One of the most revered and old British scientific Societies, the Royal Society which counted Isaac Newton and Albert Einstein as members, accuses Exxon of "misleading and inaccurate" information about climate change by financing groups that misinform the public on this issue. Exxon had pledged to stop giving money to such groups that spread misinformation the society considers misleading. That is a clear admission that they are spreading mis-information. Recently Senators Rockefeller ( D) and Snowe ( R ) said that ExxonMobil's extensive funding of an "echo chamber" of non-peer reviewed pseudo-science had unfortunately succeeded in raising questions about the legitimate scientific community's virtually universal findings on the detrimental effects of global warming. Is it a surprise that they gave Stanford University over $50 million and the funded group is very kind to Exxon's views? Even a university can be bought. It just takes more money and the oilies have enough.
According to the Sept 21, 2006 NY Times front page, four government auditors in lawsuits claim they were blocked by their bosses in the interior department from pursuing fraudulent underpayments on oil and gas leases. Money can buy anything! Even government policy or immunity. And luckily oil prices have declined just before the election. Are you intrigued by the timing? Luckily for whom? Do you see a pattern of behavior here?
In my next blog, Part IV, I will discuss "extensive health and environmental costs of oil".
Do you believe Al Gore, Bill Clinton, Senator Feinstein and Los Angeles Mayor Villaraigosa, (all unpaid)? Or do you believe the oil companies and their "bought endorsers"?"
In local news, design group Archicentre are pushing for air conditioners to be solar powered - reasoning that hot sunny days are the ones with the most air conditioner usage.
SOLAR-POWERED air-conditioners should be rolled out across the country to dramatically cut the nation's greenhouse gas emission, said a national architects group.
Archicentre - the building advisory service of the Royal Australian Institute of Architects - is today calling for the federal and state governments to immediately pursue the development and commercialisation of the emerging technology.
A national roll-out strategy is also needed, says Archicentre Victoria state manager David Hallett, to tackle the "clear and present danger" of climate change and energy constraint.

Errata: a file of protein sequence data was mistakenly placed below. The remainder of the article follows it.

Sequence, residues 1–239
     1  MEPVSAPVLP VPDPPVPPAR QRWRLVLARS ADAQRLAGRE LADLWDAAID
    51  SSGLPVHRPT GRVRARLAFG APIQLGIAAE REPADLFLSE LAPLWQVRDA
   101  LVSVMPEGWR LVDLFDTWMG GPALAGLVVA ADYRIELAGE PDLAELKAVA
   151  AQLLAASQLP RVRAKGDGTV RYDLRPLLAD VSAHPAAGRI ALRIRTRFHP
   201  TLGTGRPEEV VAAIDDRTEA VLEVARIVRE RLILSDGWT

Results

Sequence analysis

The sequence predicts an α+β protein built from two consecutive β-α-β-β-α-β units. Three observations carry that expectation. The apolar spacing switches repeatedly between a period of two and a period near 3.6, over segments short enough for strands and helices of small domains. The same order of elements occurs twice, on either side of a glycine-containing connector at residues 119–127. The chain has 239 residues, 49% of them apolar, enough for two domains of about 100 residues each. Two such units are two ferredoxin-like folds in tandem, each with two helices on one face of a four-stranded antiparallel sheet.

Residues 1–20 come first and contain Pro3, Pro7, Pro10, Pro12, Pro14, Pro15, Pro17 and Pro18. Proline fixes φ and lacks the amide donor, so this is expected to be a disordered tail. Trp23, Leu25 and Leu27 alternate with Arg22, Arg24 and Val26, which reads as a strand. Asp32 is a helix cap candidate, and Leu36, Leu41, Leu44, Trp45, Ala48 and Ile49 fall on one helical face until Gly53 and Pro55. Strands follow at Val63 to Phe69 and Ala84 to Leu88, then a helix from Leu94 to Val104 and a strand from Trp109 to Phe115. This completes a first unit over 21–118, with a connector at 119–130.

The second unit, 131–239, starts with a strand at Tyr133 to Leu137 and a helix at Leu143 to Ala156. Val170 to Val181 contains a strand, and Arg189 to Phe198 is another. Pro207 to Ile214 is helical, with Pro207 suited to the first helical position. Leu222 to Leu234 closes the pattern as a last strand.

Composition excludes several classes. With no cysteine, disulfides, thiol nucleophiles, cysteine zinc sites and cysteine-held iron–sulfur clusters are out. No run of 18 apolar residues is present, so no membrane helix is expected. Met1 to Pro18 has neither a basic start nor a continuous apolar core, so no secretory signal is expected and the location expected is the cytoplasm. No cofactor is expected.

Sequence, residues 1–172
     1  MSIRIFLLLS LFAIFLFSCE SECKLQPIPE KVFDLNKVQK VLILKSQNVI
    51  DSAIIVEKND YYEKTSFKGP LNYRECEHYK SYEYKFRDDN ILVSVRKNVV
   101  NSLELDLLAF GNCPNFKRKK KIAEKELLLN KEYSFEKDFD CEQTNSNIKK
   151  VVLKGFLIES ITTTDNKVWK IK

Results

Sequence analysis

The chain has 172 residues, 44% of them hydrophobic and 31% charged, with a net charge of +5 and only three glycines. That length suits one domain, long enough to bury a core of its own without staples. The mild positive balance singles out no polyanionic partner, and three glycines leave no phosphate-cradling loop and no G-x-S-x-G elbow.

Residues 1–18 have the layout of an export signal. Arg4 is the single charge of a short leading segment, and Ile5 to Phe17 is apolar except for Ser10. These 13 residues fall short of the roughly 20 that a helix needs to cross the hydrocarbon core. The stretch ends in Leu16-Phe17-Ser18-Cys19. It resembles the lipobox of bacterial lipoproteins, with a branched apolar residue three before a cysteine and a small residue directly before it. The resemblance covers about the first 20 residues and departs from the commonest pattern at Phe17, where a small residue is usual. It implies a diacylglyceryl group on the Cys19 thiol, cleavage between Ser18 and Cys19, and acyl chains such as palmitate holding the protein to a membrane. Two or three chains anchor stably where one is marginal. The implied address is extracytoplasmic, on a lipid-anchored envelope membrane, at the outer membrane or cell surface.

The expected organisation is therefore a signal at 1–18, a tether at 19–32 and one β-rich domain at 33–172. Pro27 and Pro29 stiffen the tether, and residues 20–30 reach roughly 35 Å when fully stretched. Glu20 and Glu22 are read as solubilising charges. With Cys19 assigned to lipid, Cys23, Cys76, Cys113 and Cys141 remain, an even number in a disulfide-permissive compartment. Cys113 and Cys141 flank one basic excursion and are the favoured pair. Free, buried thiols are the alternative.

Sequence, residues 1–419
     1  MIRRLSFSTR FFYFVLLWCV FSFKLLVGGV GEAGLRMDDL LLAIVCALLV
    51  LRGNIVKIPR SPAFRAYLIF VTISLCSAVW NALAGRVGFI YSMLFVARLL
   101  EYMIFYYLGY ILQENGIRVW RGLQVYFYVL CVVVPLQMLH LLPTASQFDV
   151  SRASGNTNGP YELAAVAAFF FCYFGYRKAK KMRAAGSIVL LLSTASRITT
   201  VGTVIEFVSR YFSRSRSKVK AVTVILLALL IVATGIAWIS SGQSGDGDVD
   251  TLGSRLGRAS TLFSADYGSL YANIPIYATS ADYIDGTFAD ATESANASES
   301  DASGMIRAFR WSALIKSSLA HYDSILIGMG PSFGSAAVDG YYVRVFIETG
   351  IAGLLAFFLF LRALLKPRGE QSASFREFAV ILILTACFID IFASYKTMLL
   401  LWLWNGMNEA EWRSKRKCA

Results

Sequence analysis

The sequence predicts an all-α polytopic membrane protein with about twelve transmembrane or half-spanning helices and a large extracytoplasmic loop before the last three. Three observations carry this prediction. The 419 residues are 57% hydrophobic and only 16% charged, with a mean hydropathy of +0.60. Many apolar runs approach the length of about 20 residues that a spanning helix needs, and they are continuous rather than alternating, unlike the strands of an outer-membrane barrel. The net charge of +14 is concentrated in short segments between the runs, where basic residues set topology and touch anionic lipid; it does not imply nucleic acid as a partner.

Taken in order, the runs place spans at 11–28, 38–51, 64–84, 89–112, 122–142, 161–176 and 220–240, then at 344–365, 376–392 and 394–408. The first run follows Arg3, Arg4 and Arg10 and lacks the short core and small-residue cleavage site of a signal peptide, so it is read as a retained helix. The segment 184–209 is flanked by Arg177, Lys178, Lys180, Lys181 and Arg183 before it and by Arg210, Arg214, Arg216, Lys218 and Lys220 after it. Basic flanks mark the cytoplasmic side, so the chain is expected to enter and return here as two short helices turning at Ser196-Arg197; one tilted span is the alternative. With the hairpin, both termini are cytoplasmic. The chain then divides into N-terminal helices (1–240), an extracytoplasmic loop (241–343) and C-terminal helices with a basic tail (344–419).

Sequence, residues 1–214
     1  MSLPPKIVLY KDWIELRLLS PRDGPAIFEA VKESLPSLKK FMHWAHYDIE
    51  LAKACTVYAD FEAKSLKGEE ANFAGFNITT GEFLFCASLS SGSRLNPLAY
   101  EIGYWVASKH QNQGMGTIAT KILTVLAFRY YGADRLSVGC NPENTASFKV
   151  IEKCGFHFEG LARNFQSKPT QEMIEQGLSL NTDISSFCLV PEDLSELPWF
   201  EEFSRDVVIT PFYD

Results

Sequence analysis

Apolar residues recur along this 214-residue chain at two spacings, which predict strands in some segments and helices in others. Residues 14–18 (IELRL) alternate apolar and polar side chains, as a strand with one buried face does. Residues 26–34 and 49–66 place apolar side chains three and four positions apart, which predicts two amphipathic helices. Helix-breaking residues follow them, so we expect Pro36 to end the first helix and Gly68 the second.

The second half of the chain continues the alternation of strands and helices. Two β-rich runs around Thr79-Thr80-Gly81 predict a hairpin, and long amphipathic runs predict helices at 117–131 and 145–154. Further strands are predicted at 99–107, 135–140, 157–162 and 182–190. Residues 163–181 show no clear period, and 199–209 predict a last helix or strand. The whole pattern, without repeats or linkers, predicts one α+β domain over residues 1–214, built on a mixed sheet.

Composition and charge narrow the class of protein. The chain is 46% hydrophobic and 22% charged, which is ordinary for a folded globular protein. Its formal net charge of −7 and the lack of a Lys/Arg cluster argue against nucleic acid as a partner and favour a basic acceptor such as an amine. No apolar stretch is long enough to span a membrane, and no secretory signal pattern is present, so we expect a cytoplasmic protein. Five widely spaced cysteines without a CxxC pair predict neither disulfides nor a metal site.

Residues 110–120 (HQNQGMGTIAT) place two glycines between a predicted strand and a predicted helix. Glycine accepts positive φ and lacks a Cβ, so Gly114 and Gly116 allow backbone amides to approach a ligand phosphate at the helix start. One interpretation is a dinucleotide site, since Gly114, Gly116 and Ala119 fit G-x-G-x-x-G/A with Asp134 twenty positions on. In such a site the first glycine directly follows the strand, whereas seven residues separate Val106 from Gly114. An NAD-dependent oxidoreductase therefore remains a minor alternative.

"Energy authorities have been warning for years that the explosion of power-hungry air-conditioners in Australia threatens the stability of the electrical grid during peak power demands during summer," Mr Hallett said.
"When demand is at its highest, potential solar energy supply is also at its highest. This is a natural association and should be a key strategy."
Archicentre is also in the news for their plans to encourage households to reduce water use.
WATER-SAVING shower heads and dual-flush toilets should be mandatory in all properties for sale, a national building advisory group says.
This would mean houses, apartments and commercial premises would have to meet water-efficiency standards before the sale could go ahead. Under the Archicentre plan, the vendor would pay for the upgrade of devices to meet water-efficiency requirements.
Archicentre managing director Robert Caulfield said bathrooms and toilets were particularly wasteful of water, accounting for 60 per cent of household water use. The proposal would require toilets to be dual-flush and shower heads to have a minimum three-star efficiency rating.
"With houses turning over every seven years, on average, this would provide a way of spreading the effort to conserve water to all sections of the community, not just new-home buyers," Mr Caulfield said. "The system could be expanded to include the installation of water tanks to implement water harvesting in urban Australia."
Sharp has announced that it is expanding solar cell production capacity to 600 MW Per year, the world's highest for photovoltaics.
Sharp Corporation has increased annual production capacity for solar cells at its Katsuragi Plant in Nara Prefecture by 100 MW (megawatts) to meet burgeoning demand in Japan and abroad, and has constructed a system that will be able to enter full production by November 2006. As a result, solar cell production capacity at the Katsuragi Plant will reach 600 MW per year, the world's highest.
Despite concerns in the photovoltaic (PV) power generating market about a shortage of processed silicon (the raw material for solar cells), PV systems are increasingly being used in Japan for industrial applications and are being installed on new residential construction in collaboration with home builders. In Europe and the U.S.A., demand is expected to expand even further in the future, centered on industrial and commercial uses thanks to the introduction of subsidies and implementation of policies mandating power buy-back programs by utilities.